Like the PBY, every effort was made to conserve weight in the design. The turrets were subsumed as part of the chassis, and the weight, cost and HP of the chassis was reduced by 50%; final design loaded weight was decreased 5% to the historical. Although maximum payload was listed as 8,000 lbs., 4,000 lbs. was more typical, and this was used. Historical payload was within 1,475 lbs. of the design payload. Historical wing area was 1,408 sf. Performance calculations were based on historical values for wing area and loaded weight. The aircraft requires a 14 mph headwind for water-based take-offs. Design aSpeed was 214; the historical value is shown.

The PBM-1 was the initial production version, with two 1,194-kW engines and only five .50-cal Brownings (one in each position). The stabilizing floats were retractable. 21 built.
The PBM-2 was to be a strengthened version for catapult launches; 1 prototype.
The PBM-3 increase engine output to 1,270-kW each and made the stabilizing floats fixed. 32 built. The -3R was an unarmed transport version carrying 20 passengers; 18 built and 31 conversions from the -3. The -3C added a .50-cal (7 total) to the nose and dorsal turrets, and added the AN/APS-15 radar; 274 built. The -3S was a dedicated ASW variant with twin HMGs only in the nose, a payload of four 325-lb. depth charges, and 4,815 gallons of fuel for increased range; 94 built, 6 conversions.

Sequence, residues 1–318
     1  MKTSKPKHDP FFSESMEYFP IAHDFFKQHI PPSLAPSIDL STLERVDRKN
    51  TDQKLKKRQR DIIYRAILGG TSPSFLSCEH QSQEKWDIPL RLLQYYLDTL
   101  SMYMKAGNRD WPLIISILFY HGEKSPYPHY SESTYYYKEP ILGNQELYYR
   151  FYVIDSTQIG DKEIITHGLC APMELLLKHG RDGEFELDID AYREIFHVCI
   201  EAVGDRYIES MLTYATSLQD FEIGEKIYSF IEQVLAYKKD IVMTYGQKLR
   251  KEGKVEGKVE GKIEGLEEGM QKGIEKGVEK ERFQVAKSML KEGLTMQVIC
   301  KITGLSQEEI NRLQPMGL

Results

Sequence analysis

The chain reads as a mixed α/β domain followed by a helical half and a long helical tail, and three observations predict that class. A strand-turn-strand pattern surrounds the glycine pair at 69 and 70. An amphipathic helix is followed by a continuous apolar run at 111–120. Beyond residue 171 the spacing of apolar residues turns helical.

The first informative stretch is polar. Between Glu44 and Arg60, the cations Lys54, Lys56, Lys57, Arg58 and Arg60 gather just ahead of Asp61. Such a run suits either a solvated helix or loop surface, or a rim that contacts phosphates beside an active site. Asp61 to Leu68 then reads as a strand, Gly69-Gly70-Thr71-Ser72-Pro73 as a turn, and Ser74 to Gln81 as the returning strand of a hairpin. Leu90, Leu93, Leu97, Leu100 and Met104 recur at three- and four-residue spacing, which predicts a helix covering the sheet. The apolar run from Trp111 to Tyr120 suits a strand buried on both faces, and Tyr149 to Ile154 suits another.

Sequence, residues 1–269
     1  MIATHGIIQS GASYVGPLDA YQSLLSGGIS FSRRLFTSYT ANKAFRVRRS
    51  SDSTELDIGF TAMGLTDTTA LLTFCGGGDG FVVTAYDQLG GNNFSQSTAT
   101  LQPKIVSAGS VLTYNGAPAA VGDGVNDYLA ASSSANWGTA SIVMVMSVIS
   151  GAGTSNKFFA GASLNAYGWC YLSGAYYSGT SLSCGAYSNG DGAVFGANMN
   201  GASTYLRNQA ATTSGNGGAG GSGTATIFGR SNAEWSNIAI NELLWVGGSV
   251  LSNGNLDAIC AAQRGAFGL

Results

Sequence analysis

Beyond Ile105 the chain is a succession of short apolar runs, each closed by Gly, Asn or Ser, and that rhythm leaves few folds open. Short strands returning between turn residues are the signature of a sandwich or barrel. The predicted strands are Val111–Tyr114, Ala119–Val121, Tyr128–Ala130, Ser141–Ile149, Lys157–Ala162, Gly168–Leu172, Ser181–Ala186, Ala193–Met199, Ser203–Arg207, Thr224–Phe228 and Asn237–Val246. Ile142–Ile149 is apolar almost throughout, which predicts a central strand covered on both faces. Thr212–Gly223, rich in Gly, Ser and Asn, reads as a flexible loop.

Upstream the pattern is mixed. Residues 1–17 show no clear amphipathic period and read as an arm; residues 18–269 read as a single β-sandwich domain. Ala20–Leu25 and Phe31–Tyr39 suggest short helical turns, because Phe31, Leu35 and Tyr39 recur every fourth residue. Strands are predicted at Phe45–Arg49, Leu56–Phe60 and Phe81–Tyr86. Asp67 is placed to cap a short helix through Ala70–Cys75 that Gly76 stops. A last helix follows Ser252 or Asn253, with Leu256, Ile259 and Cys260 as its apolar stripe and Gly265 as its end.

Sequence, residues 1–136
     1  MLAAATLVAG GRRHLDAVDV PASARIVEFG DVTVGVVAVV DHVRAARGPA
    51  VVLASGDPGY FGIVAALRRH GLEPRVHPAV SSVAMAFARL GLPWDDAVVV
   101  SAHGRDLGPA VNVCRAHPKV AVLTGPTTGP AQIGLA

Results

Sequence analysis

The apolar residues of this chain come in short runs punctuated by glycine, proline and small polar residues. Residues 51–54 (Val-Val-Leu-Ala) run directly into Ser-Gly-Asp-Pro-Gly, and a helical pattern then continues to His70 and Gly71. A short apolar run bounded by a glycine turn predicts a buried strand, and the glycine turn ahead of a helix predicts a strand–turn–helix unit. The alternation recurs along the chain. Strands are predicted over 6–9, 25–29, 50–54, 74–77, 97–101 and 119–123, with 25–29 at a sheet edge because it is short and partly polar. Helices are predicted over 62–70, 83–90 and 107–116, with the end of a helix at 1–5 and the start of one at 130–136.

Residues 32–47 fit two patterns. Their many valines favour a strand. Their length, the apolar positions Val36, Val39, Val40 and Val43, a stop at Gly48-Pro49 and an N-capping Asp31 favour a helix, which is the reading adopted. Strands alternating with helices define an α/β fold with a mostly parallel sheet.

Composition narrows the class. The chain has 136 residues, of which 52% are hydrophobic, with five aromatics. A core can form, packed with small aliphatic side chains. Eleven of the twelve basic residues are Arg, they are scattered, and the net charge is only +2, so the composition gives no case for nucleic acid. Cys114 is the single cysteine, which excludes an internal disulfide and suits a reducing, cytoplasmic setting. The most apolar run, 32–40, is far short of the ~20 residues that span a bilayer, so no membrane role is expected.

The PBM-4 was an unbuilt proposal to feature 2,015-kW engines.
The PBM-5 featured 1,566-kW engines; 628 built. The -5E featured improved radar, the -5S was a lightened version for ASW, and the -5S2 added revised radar suites.
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Last edited by Phaelen Bleux; 09-04-2012 at 12:54 PM. Reason: changed design aSpeed/headwind
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Old 09-04-2012, 07:43 PM   #2
Join Date: May 2007
Default [WWII] Martin PBM Mariner -- problem

Apparently the Mariner was famous for spontaneous detonation of avgas fumes in its tanks.

Not sure how to model this in GURPS but after, say, early 1944 this would be well known in the USN and allied air forces using the Mariner.
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Old 09-05-2012, 07:40 PM   #3
Phaelen Bleux
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Default Re: [WWII] Martin PBM Mariner

Well, the HT is pretty low, so lowering it more would be a little harsh. You could also negate the bonus for Self-Sealing Fuel Tanks. And any vehicle operation Critical Failures could be ruled as catastrophic.

Random combustion checks would be a little hard on the PCs, though!
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Old 11-30-2013, 06:17 PM   #4
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Default Re: [WWII] Martin PBM Mariner

My father flew a PBY in SAR in the south pacific.

A clock running two hours slow has the correct time zero times a day.
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airplane, mvds, usa, wwii